- What Color is Your Parachute by Richard Bolles, Ten Speed Press, $16.95
- Resumes for Dummies by Joyce Lain Kennedy, IDG Books, $12.99.
- Knock Em Dead by Martin Yate, Adams Publishing, $12.95.
- Job Searching Online for Dummies by Pam Dixon, IDG Books, $24.95.
- Cover Letters That Knock Em Dead by Martin Yate, Adams Publishing, $10.95.
- Resumes That Knock Em Dead by Martin Yate, Adams Publishing, $10.95.
- Do What You Are by Barbara and Paul Tieger, Little, Brown & Co., $16.95.
- Cool Careers for Dummies by Marty Nemko, IDG Books, $16.95.
- Discover What You Are by Linda Gale, Fireside, $13.00.
- Job Interviews for Dummies by Joyce Lain Kennedy, IDG Books $12.99.
Posts tagged Greg Hutchins
Knowing what value you add to your employer or customer is probably the most important thing you can know about your work and career. In an operational sense, adding value means having the appropriate abilities and aptitude to develop and deliver cost-effective products or services. But, the value-added concept also includes principles, values, and attitudes.
The knowledge and learning organization is the new competitive paradigm that impacts all of us. Companies are asking how they can improve their competitive advantage specifically revolving around organizational learning and knowledge management. The thinking goes like this:
Brand U’s hold a wealth of knowledge, skills, abilities, and experience about their companies, products, core processes, and customers. Securing and managing this knowledge is now recognized as essential for organizational profitability.
Does moving from job to job add Brand U value to the new employer? The assumption is it does. However, the risks are higher for both parties. Intellectual property is more valuable and portable as Brand U’s with ideas and knowledge can take them to new employers. What can a company do? More are aggressively attempting to protect ideas with noncompete and confidentiality agreements.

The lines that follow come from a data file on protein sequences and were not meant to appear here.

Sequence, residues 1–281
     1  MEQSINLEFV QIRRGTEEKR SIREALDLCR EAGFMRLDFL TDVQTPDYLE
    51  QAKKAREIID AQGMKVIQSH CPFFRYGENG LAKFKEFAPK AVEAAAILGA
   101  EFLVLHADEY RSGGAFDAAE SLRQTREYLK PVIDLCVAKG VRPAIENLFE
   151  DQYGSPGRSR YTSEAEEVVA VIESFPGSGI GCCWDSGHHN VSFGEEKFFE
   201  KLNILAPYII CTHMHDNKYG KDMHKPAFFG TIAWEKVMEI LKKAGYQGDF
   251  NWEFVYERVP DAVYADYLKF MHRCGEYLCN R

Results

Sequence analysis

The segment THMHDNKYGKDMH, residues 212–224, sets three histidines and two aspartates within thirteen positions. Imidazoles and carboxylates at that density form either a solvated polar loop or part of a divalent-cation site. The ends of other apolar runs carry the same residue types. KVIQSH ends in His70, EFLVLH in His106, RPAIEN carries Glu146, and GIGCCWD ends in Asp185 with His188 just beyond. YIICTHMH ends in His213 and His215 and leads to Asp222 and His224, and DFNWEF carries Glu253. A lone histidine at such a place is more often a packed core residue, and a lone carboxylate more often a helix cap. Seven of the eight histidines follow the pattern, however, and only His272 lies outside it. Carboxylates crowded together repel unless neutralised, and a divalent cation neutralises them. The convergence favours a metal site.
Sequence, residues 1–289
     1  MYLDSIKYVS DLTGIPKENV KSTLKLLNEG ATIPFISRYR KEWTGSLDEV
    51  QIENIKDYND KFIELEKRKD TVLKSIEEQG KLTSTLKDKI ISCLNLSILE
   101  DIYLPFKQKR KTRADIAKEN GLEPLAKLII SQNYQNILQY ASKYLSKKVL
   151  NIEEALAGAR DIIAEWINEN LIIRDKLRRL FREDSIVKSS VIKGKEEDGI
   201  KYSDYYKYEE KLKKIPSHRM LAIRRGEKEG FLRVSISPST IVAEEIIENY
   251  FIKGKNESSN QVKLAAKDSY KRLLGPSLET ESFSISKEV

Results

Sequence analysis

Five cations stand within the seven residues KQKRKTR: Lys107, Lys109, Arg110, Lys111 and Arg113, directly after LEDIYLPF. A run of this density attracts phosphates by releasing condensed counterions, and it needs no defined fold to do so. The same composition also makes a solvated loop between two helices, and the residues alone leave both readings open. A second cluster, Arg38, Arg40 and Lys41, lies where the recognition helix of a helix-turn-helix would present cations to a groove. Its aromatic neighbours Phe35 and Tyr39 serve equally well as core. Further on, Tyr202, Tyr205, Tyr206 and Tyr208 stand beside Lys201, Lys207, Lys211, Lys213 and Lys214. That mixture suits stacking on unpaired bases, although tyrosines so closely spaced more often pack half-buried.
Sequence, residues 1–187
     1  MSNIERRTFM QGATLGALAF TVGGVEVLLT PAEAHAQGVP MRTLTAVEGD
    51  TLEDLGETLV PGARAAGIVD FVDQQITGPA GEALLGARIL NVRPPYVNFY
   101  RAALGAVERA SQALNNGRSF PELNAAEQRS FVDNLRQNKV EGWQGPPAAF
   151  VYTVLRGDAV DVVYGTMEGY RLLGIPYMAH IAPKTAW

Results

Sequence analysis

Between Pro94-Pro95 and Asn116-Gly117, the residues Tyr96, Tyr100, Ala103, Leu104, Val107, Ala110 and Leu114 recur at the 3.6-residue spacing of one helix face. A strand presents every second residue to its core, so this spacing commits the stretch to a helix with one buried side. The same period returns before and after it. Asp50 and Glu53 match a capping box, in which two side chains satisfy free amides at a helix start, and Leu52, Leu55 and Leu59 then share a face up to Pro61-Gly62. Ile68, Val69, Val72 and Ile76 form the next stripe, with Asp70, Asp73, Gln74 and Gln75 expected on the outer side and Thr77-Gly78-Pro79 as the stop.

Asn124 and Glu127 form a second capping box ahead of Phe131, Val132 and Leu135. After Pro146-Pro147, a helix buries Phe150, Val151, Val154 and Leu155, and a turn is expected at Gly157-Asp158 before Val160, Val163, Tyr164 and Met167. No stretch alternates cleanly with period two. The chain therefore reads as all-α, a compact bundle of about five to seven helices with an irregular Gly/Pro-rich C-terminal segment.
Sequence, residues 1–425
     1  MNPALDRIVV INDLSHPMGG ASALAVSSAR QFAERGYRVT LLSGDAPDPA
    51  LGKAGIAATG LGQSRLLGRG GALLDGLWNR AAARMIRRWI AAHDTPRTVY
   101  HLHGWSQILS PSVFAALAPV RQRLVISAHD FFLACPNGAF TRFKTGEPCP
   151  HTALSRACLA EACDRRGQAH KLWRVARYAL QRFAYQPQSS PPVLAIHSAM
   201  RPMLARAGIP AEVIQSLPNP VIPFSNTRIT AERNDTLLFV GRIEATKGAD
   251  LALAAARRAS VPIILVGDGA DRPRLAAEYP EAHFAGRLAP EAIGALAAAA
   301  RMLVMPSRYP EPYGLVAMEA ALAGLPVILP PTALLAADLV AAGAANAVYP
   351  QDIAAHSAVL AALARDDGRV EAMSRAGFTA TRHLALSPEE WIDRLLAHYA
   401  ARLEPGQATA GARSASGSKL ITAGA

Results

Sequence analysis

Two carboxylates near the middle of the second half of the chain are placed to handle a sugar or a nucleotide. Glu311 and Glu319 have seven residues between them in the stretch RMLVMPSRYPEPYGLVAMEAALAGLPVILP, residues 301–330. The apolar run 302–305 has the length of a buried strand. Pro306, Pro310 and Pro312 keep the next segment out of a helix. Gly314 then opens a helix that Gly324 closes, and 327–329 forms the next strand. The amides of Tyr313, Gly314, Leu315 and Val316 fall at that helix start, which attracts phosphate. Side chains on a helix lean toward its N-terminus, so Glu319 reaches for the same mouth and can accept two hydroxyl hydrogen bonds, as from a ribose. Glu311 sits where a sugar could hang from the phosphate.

Brand U’s have discovered this painful truth about project management. Brand U project leadership don’t come easy. Too many project managers know project techniques and technology but are people challenged.
Lack of people abilities is the major stumbling block and some would say the major career killer of senior project managers because most spend more than half their time dealing with interpersonal issues. You can be the best project technician in the world but if your team doesn’t trust you, you’re toast.
The formation of a Brand U team involves both process and product. The process of team building includes chartering the team, selecting team members, building consensus, negotiating team rules, resolving conflicts, encouraging involvement, ensuring fairness, monitoring progress, providing direction, and reinforcing progress. The product of a team is its deliverables, its results. The team may have to solve an intractable problem, implement systems, or gain ISO 9000 registration. The list goes on. Bottom line: the team has a measurable, deliverable objective.
Only a few people may report directly to the project manager who may have no formal position power or authority. This person leads through influence and example. This person knows how to negotiate, resolve conflicts, create coalitions, understand/satisfy individual needs, and be the consummate political player.
The history of technology is full of neat ideas that just didn’t cut it. Sometimes, the customer had unrealistic expectations. Sometimes, the development team was clueless of what the customer wanted. Sometimes, they didn’t connect. These techno-turkeys include all types of products and inventions
One of the only ways to compete is with technology.
John Beakes, Industrialist
The first person gets the oyster; the second person gets the shell.
Andrew Carnegie, business person
Tom Peters, the management guru, has stressed for years that customers need to be delighted, amazed, and even wowed. Simply meeting customer requirements won’t differentiate a Brand U or his or her products from the competition anymore. To surpass expectations, the Brand U listens very carefully to customers so they’re pleased at the moment of the sale and throughout their history with the product.
Brand U’s offer excellent customer service and that’s what separates the Brand U from the typical solid employee. Brand U’s focus on:
- Customer empathy and understanding customer requirements
- Tangible characteristics including facilities, equipment, and appearance of customer service personnel
- Dependable and accurate performance
- Customer service responsiveness
- Service personnel courtesy and competence which instill trust and confidence